The other guy, though, held firm, and the rumors continued, the pressure mounted, and then the U.S. Congress got into the act. They didn't like baseball's self-policing, and they wanted to talk to everyone about what had happened that brought this ugly mess -- the steroids scandal -- to baseball.

The home run hero showed up, but this time he couldn't let his bat do his talking for him. He had to open up his mouth, he had to articulate what happened and when, and he would neither confirm nor deny anything.

All of the sudden, the man who launched rockets to the moon dropped his lead balloon on the sporting world.

It only took a few minutes to turn his reputation from solid gold to solid waste.

A few weeks ago, the wagons circled around baseball's heroes. As Jose Canseco said with a slight scoff before Congress, it was only he who used steroids, or at least that's what the baseball establishment intimated.

In the aftermath of the Congressional hearing, the sharks are circling. The Mighty Mac, once worth of having highways named after him and once suggested as even replacing Lou Gehrig as the best first baseman ever, is no longer. He's not Superman anymore; he's just a Clark Kent like the rest of us. That's what they're writing now. I even read in one of the national publications a suggestion that McGwire now won't make it into the Hall of Fame.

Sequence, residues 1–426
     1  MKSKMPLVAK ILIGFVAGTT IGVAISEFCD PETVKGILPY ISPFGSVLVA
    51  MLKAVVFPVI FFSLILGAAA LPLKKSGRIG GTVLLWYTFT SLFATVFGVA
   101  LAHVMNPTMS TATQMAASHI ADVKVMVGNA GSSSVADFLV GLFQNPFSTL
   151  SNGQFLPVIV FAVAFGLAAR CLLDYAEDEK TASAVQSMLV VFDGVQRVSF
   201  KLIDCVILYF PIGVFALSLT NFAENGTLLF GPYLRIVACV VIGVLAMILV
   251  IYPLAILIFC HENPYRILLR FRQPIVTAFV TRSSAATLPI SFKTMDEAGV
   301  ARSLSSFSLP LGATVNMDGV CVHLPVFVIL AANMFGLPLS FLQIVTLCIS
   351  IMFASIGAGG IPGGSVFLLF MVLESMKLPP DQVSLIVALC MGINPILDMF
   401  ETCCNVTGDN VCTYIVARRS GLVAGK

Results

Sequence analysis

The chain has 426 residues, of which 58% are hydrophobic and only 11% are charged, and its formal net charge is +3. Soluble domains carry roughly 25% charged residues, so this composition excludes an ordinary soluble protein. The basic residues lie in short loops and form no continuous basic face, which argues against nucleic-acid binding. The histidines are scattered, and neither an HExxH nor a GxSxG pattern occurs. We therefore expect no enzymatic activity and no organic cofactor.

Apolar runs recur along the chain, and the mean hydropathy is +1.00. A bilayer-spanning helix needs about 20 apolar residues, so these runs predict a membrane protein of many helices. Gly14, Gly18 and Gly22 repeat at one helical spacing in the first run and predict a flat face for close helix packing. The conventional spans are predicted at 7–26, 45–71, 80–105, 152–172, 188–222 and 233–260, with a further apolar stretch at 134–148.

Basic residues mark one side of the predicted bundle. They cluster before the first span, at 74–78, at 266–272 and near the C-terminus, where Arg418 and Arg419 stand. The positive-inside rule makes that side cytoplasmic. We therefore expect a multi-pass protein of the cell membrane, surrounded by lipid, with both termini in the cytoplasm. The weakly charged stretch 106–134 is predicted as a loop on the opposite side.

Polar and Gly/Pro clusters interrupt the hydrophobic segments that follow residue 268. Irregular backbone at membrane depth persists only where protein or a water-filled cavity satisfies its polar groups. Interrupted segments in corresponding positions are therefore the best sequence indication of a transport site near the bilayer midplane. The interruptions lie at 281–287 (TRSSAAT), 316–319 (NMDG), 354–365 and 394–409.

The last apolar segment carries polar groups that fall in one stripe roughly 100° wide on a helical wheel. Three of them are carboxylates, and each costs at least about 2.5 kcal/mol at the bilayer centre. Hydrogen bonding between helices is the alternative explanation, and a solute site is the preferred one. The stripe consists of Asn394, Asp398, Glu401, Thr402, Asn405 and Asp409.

I blogged extensively on the steroids scandal. I lamented how organized baseball turned a blind eye, and I even had my suspicions about some of the players who were setting gargantuan records, among them Mark McGwire. Yet, in the midst of the entire swirling controversy, I couldn't bring myself to dislike Mark McGwire.

I recall an exchange between Burt Reynolds' character Paul Crew, the onetime star quarterback, and the character named "Caretaker" in the movie The Longest Yard. Crew asked Caretaker what the other inmates were in prison for, and Caretaker responded that they were murderers, rapists and arsonists. He then asked why the other inmates hated him. To which Caretaker responded, "You bet on football games. That's Un-American." Crew nodded, as if to acknowledge that what Caretaker said was a well-known fact.

To the jury of public opinion out there, what Mark McGwire did was un-American.

Think about that. Un-American.

Not a murder. Not a rape. Not an accusation of wife-beating or failure to pay child support. No charges of drug dealing, brandishing guns or hiding them under the seat of his car. No DUI.